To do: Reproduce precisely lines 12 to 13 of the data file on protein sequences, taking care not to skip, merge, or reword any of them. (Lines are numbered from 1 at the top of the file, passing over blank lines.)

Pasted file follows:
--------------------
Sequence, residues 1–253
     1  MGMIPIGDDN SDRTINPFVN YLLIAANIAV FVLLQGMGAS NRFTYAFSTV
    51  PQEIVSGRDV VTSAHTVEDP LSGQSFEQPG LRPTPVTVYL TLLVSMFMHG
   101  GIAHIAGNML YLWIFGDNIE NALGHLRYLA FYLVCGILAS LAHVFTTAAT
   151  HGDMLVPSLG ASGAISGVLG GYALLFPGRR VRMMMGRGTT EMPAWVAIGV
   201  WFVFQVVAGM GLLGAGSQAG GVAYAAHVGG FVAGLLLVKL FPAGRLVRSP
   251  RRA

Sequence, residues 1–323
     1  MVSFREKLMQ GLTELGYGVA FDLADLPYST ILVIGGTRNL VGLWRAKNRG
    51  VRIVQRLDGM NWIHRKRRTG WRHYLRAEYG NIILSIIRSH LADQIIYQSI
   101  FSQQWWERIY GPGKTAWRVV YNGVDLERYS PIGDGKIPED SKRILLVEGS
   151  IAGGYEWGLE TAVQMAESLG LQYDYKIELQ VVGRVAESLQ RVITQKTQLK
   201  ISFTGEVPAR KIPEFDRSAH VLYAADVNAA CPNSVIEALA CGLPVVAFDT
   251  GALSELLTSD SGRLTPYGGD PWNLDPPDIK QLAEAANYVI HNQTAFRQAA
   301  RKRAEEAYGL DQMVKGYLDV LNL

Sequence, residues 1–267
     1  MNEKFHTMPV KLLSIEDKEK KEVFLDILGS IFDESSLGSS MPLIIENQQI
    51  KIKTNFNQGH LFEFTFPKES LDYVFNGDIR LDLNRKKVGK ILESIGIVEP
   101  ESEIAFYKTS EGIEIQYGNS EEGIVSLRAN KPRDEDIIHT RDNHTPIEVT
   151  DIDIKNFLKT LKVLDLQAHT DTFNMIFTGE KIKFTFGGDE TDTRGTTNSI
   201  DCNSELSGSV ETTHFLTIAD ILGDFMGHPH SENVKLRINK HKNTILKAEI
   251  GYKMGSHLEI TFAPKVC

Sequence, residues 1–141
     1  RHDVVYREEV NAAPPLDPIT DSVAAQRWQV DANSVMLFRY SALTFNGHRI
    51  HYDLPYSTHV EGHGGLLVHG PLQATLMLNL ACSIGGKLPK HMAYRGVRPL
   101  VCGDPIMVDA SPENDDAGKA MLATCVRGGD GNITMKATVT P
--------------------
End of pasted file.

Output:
   151  IAGGYEWGLE TAVQMAESLG LQYDYKIELQ VVGRVAESLQ RVITQKTQLK
   201  ISFTGEVPAR KIPEFDRSAH VLYAADVNAA CPNSVIEALA CGLPVVAFDT